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'Zombieland' not your standard brain-eating fare

  • Story Highlights
  • In new movie "Zombieland," focus is on the stars and the comedy
  • Movie's performers include Woody Harrelson, Abigail Breslin
  • One of film's writers had seen just one zombie film in his life
  • Among movie's surprises: a cameo from an Oscar-nominated actor
By Alan Duke
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LOS ANGELES, California (CNN) -- Like all zombie movies, "Zombieland" has hundreds of zombies doing awful things, such as attacking and eating humans, but you could argue it's not a zombie movie.

Writer Paul Wernick, right, had seen one zombie film in his life, but co-writer Rhett Reese is a zombie expert.

Jesse Eisenberg and Woody Harrelson find themselves battling the undead in "Zombieland."

Zombie hordes do chase the main characters in a post-apocalyptic world, but the focus is on the comedy's stars, including two Oscar nominees -- Woody Harrelson and Abigail Breslin -- along with Jesse Eisenberg and Emma Stone.

(Spoiler alert: A third Oscar nominee makes a remarkable cameo appearance, but this story will avoid spoiling the surprise by naming him.)

"We wanted to make a cool, kick-ass road movie about a dysfunctional family traveling across the country and zombies provide us the antagonists, the threat that our characters need to come together," said Paul Wernick, who wrote the screenplay with partner Rhett Reese.

In fact, Wernick had only seen one zombie film before writing this script. Reese, who is a fan of the genre, kept the story on a track that would feed zombie fans' hunger for blood-and-guts action.

"[The] zombie genre is so well traveled, there is really no reason to get into it unless we could do it in a fresh, different way," Reese said. "We were almost forced to think outside the box to make it an entertaining zombie movie."

"Zombieland" is set in the United States months after a fast-moving virus begins turning most people into flesh-eating zombies. A handful of survivors come together to fight back.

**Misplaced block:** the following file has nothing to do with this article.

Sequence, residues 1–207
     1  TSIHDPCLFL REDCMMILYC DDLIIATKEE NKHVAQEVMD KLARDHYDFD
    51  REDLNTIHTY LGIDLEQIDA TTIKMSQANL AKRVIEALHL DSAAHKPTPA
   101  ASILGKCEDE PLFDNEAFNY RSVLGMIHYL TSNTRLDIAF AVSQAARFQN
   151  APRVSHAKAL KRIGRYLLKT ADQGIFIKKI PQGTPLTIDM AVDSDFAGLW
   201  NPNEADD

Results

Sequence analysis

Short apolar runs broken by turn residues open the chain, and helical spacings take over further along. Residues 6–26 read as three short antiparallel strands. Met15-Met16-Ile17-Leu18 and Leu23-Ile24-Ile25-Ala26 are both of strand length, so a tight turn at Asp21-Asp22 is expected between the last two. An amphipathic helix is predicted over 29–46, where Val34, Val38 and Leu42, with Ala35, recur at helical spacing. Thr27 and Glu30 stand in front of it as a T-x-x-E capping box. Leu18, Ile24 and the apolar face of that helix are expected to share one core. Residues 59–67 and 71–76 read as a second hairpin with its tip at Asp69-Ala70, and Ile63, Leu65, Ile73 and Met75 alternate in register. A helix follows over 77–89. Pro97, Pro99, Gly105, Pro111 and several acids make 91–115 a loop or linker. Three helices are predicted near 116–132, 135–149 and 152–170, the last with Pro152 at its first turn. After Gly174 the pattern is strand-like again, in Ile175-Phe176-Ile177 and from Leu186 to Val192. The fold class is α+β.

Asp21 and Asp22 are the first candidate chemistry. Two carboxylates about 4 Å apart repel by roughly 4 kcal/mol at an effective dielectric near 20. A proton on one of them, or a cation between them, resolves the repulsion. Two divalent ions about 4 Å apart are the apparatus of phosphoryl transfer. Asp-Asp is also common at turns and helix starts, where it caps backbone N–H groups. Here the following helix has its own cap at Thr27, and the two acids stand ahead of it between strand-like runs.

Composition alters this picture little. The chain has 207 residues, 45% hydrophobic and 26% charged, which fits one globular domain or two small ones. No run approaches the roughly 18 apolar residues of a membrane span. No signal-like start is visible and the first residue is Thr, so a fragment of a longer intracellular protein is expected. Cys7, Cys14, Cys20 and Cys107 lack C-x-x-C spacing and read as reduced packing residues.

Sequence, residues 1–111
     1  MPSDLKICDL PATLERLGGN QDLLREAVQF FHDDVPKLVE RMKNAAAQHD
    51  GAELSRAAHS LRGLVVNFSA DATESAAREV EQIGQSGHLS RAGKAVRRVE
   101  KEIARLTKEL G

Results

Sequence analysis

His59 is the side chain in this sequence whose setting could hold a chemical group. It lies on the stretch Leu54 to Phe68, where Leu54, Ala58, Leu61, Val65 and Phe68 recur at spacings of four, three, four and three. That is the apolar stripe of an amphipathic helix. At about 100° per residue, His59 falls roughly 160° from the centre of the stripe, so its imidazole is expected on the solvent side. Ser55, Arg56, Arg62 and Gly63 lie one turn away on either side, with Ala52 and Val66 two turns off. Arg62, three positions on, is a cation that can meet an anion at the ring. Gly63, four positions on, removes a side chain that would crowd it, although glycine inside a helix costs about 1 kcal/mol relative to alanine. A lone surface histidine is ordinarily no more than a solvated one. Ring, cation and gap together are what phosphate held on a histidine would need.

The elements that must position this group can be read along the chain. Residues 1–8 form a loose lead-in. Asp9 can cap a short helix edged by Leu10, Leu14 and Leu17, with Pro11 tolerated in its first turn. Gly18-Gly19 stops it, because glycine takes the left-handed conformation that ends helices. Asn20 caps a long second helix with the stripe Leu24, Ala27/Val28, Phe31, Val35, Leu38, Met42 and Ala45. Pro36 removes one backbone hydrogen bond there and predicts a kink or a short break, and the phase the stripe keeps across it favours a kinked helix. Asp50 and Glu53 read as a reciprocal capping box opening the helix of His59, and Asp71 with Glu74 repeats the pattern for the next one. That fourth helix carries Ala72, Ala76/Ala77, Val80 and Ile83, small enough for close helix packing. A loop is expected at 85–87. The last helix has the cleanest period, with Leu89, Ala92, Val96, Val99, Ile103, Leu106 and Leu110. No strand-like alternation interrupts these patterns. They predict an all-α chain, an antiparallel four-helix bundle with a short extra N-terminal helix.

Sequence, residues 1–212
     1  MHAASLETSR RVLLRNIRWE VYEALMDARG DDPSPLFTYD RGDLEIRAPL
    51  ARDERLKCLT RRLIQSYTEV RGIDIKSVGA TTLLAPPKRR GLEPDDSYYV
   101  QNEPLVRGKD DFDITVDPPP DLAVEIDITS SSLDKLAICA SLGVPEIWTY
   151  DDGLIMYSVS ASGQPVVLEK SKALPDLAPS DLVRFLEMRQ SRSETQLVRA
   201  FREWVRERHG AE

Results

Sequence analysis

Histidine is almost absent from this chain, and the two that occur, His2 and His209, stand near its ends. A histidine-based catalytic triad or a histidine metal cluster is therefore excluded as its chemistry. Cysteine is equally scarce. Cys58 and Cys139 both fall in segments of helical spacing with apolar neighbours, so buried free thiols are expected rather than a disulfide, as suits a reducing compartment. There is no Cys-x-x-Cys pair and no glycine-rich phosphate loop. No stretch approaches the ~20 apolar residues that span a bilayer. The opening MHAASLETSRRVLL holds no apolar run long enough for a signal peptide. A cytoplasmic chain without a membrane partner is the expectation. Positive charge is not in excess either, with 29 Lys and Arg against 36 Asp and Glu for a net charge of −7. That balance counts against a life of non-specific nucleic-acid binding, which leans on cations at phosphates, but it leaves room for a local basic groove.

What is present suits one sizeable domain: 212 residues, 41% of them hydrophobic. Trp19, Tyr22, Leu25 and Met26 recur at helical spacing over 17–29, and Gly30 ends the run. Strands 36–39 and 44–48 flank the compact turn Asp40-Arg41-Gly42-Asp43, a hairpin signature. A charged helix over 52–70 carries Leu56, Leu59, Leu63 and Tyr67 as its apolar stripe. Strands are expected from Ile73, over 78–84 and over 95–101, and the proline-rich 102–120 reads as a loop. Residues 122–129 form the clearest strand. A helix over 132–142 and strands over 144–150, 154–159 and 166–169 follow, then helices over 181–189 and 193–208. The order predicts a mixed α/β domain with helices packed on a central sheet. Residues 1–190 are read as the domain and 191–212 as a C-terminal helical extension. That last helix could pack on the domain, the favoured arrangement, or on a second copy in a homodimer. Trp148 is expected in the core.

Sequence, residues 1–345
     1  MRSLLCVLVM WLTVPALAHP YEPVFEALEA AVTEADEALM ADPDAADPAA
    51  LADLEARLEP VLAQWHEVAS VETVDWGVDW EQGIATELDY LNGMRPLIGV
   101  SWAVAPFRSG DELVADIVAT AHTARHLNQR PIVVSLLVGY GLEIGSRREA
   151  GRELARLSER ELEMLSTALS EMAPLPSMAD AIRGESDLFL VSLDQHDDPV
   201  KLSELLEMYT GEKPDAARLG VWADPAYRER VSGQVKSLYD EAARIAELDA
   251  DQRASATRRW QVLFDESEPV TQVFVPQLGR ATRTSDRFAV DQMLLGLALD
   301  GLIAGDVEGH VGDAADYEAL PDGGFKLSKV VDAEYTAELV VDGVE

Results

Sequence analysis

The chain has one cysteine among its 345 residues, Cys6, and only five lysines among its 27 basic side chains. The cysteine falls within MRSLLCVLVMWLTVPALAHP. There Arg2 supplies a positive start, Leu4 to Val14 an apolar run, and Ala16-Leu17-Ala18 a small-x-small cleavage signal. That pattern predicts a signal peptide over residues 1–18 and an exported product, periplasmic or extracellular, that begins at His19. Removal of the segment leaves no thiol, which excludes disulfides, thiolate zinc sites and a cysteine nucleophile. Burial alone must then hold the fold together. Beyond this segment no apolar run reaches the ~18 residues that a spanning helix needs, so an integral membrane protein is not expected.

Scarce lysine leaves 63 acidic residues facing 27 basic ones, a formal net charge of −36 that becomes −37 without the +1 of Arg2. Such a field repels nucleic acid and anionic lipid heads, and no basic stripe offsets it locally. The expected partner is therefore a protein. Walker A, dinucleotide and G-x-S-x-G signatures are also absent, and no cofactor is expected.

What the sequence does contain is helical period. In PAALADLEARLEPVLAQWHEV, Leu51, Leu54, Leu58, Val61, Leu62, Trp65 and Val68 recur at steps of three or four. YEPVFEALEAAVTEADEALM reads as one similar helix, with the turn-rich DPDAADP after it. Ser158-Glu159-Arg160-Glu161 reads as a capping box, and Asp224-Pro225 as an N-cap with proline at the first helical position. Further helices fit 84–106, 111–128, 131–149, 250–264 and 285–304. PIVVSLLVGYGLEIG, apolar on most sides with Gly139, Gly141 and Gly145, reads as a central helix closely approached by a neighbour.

Wernick and Reese literally rewrote the rules for zombie films in this movie. Eisenberg's character is an obsessive-compulsive man who developed 47 rules -- such as "fasten your seat belt" -- designed to help him survive in Zombieland.

While Eisenberg journeys to find his parents, he joins Harrelson, a zombie killer who is searching for the last Hostess Twinkie before its expiration date.

Stone and Breslin play sisters who survive on their con artist skills. Their goal is to reach a California amusement park, which they think could be free of zombies.

The cross-country trip these four characters share resembles "National Lampoon's Vacation" -- if written and directed by Quentin Tarantino. Video Watch the stars of the film talk about zombie fans »

Wernick said they wanted to be "very freewheeling."

The movie "gives the audience the thrill of the journey," he said. "We wanted to take some wild turns."

"The rules that we lived by when writing this is in fact that there are no rules," he said.

"Zombieland" may be to zombies what Tarantino's "Inglourious Basterds" is to Nazis.

Wernick and Reese, who have been close friends since high school, often finish each other's sentences as if they were an old married couple.

"When we were trying to get 'Zombieland' off the ground back in the early days, we ..." Wernick said.

"... assaulted Tarantino at an awards show, to try to get him to read the script," Reese said.

"That didn't work out," Wernick said in conclusion to their joint thought. "He thought we were zombies coming after him."

"Zombieland," directed by Rubin Fleischer, offers many of the same elements as a Tarantino film.

"[Tarantino] is all about dialogue, character, irreverence, pop culture and we love all those things over the years," Reese said. "We have always been inspired by him."

The writers had to run through a number of actors before finding the person for the 10-minute cameo. Among them was Patrick Swayze, the writers' first choice. Swayze, who died just two weeks before the movie's release, turned down the role because of ill health earlier this year.


Also asked: Joe Pesci, Steven Seagal, Jean-Claude Van Damme, Dwayne "The Rock" Johnson, Matthew McConaughey, Mark Hamill, Kevin Bacon and Sylvester Stallone. They were asked, but either didn't want the role or were not available, according to Wernick and Reese.

With just a few days before filming the scenes, they asked Harrelson to look in his cell phone for names and numbers. He came up with a man who's been an Oscar nominee and Emmy winner. And now, he's got a key role in a zombie film.

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